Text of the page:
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Why is Philly pushing ACP? These local advocates explain why affordable internet is important for digital equity

Philadelphia's city government, public school district and other stakeholders are encouraging eligible families to sign up for the Affordable Connectivity Program, the federally funded internet subsidy program — especially as the new school year begins.

Comcast partnered with Esperanza to host an event to get North Philadelphians signed up for the Affordable Connectivity Program. (Photo by Marisel Villarreal Rios)

This editorial article is a part of Broadband Connectivity Month of's editorial calendar, underwritten by Verizon. Verizon is a Ecosystem Builder client.

Full disclosure: Comcast is a Ecosystem Builder client. That relationship is unrelated to this report.
Mayra Ross remembers when she used to take her children to sit in the parking lot of a West Philadelphia laundromat so they could complete their school work.

The single mom of two said she would finish work after the public library was already closed, so this was the best solution for her kids to work on their assignments, thanks to its free internet access.

Ross’ family connected with someone from Comcast’s Internet Essentials team in 2020 and learned about what is now called the Affordable Connectivity Program (ACP), a $14.2 billion federal benefits program that provides a $30 subsidy for internet service to eligible families.

“Now I don’t have to rush and try to get my daughters to someplace where there’s internet to do homework or do projects,” Ross told “They can just do it at home.”

The Federal Communications Commission (FCC) announced last week that over 20 million households across the country are enrolled in ACP.

Between this push to spread the word about ACP and the billions of dollars that will be put toward broadband infrastructure expansion, the federal government is investing mightily in digital access.

At a local level, even if there is broadband infrastructure in Philadelphia, thousands of families still can’t afford to pay for internet service. That’s why the City of Philadelphia and other local digital equity advocates have been pushing for eligible families to sign up for ACP, especially as the 2023-2024 school year begins.

Transitioning from PHLConnectED

Over the last year, the City’s Office of Innovation and Technology (OIT) has been working to spread information about the program and get eligible families signed up. Part of this effort has focused on switching families from PHLConnectED, a program that started during the pandemic to offer an internet subsidy to K-12 families in the city.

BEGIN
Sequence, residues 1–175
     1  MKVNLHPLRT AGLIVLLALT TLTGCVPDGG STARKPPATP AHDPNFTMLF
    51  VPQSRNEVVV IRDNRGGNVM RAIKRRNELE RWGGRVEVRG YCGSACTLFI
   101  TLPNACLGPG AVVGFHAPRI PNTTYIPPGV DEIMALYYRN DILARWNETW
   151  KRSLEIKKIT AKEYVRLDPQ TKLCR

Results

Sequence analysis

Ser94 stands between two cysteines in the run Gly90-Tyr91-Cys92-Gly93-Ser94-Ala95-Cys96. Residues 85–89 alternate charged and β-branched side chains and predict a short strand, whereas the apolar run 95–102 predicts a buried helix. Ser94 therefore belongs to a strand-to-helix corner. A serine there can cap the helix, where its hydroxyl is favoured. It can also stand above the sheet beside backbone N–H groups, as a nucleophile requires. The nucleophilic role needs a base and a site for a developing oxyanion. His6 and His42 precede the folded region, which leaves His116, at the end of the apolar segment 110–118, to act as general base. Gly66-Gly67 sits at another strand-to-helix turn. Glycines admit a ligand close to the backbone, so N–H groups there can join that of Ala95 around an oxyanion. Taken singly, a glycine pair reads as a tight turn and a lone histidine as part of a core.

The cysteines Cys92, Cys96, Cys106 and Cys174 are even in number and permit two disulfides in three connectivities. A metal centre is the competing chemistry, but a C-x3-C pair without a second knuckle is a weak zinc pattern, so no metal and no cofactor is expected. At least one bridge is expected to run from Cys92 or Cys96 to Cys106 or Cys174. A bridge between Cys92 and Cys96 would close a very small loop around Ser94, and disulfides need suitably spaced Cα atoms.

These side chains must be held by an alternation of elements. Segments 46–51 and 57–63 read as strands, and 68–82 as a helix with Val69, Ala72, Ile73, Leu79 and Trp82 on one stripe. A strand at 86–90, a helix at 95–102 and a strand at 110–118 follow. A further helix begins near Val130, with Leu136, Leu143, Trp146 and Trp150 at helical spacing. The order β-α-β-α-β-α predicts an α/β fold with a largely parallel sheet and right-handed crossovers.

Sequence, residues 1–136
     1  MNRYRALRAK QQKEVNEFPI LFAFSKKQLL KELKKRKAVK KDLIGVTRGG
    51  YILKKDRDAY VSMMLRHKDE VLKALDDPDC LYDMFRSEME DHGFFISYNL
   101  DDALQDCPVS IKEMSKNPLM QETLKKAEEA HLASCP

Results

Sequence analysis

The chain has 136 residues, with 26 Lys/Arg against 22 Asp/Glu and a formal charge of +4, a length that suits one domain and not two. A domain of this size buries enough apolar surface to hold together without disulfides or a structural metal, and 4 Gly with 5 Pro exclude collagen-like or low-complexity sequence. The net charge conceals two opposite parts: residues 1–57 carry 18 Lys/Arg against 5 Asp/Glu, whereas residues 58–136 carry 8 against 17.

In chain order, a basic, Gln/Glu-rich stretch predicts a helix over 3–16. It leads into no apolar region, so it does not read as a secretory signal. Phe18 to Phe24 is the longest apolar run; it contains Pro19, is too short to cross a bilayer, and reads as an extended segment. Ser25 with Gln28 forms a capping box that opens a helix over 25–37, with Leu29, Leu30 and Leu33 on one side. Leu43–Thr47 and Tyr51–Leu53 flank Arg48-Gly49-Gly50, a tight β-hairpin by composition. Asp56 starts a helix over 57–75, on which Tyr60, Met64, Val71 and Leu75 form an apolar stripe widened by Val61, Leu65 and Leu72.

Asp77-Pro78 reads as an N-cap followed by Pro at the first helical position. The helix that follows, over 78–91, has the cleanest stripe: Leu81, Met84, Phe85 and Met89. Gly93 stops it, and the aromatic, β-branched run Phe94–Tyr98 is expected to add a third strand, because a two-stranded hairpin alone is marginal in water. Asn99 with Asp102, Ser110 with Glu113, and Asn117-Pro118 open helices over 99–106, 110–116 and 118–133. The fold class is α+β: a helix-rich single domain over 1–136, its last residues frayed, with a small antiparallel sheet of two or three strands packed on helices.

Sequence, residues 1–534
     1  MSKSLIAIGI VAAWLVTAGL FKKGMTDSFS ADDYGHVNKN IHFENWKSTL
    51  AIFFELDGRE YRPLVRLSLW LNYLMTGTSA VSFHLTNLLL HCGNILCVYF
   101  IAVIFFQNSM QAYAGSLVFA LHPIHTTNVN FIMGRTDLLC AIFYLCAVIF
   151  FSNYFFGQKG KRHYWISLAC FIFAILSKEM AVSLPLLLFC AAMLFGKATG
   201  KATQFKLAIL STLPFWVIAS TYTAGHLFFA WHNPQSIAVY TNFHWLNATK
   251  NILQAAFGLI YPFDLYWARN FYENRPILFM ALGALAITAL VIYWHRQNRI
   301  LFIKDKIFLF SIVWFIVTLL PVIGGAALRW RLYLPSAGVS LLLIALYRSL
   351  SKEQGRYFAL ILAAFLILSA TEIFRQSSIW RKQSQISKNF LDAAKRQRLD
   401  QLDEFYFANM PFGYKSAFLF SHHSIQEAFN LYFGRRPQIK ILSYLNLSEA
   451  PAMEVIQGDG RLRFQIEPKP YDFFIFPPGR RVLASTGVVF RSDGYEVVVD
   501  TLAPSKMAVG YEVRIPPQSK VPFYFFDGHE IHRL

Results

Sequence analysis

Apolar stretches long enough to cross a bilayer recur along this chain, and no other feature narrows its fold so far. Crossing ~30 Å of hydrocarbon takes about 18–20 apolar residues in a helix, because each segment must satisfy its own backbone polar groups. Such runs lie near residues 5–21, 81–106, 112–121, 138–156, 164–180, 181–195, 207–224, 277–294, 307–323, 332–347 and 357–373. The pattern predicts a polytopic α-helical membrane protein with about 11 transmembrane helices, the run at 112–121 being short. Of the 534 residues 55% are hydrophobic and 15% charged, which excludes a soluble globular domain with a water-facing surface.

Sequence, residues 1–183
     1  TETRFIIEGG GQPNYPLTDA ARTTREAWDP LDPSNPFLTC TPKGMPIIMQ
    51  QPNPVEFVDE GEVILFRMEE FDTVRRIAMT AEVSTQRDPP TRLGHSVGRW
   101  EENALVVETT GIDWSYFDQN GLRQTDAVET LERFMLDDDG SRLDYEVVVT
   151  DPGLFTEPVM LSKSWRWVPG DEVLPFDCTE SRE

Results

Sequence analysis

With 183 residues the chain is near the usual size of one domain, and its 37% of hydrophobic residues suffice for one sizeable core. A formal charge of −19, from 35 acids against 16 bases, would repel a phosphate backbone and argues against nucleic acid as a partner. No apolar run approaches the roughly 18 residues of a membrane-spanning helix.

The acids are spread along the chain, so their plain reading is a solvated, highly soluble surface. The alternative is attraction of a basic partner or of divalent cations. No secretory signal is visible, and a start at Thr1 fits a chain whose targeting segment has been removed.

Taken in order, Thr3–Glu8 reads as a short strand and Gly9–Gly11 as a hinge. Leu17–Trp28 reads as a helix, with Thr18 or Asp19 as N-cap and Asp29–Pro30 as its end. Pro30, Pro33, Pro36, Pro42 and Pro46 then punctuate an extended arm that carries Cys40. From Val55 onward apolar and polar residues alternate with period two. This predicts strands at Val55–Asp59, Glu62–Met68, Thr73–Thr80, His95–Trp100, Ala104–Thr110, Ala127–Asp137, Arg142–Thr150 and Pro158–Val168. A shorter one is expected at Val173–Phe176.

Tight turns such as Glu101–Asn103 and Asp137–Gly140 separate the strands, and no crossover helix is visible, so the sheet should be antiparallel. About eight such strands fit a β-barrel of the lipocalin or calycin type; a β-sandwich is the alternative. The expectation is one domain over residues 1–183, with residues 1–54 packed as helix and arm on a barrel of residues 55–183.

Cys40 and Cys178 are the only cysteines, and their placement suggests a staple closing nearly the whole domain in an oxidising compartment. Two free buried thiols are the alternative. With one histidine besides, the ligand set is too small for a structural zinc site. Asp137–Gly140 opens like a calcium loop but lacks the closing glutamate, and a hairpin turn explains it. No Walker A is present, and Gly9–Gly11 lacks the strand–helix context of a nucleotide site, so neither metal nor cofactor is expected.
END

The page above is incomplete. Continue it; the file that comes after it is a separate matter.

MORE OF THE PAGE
PHLConnectED’s subsidy was funded through COVID-19 emergency funding from the federal government along with donations from local foundations, Comcast, family foundations and school contributions. Through this program, families received Comcast’s Internet Essentials package or internet hotspots.

Ashley Pollard, digital inclusion manager for OIT, told this month that those funds were running out — the original PHLConnectED plan was set for two years — so OIT had to think about a longer-term solution for an internet subsidy. ACP offered more choice in that it allows families to choose their internet service provider and their service plan, whereas PHLConnectED was limited to Comcast’s Internet Essentials, and it made sense to gov officials to support a federal program that was already available, Pollard said.

Comcast and Verizon are the two biggest internet service providers in Philadelphia, so most families go with plans from one of those two companies, she said.

“If on a limited income, families are deciding between putting food on the table or paying for broadband,” said Eric Reed, VP of state government affairs for Pennsylvania and Delaware at Verizon. “In those cases, internet service is pushed under the table. The ACP is an important tool in our toolbox for bridging the digital divide and creating digital inclusion.

At first, OIT did some test phone banking to families on PHLConnectED to inform them that a switch would be coming up. This was part of its effort to make sure its outreach and communications plan were smooth.

OIT officially started spreading the word about ACP in March, not just to switch over PHLConnectED families, but to also inform other families who are not in the school district that they would be eligible for the subsidy.

Spreading the word

The City’s digital navigators — individuals who offer free technical support and digital resources to Philadelphians, have been integral to the outreach effort by continuing to reach out to PHLConnectED families and hosting tabling events to get people to sign up, Pollard said.

Earlier this month, Comcast coordinated a tabling event with Esperanza, a nonprofit that offers community resources in North Philadelphia. Bret Perkins, SVP of external and government affairs at Comcast, said the telecommunications giant makes it a point to partner with community organizations for digital equity outreach because the community trusts them.

“You have to meet people where they are,” Perkins said. “Sitting down for something that sometimes can feel hard, if you’re sitting across from somebody that you trust, you’re going to stay, you’re going to trust them to walk you through the process.”

OIT updated its script for 211, the United Way-run hotline that connects Philadelphians with social services, to include a screening for ACP eligibility. If they need additional support after the screening, callers can schedule an appointment with a digital navigator.

The office also launched an online screener tool in partnership with the nonprofit Education Superhighway. This tool launched in March and screens users to see if they’re eligible for ACP and if they are, it takes them directly to the ACP application. The site is mobile-friendly and translated into multiple languages.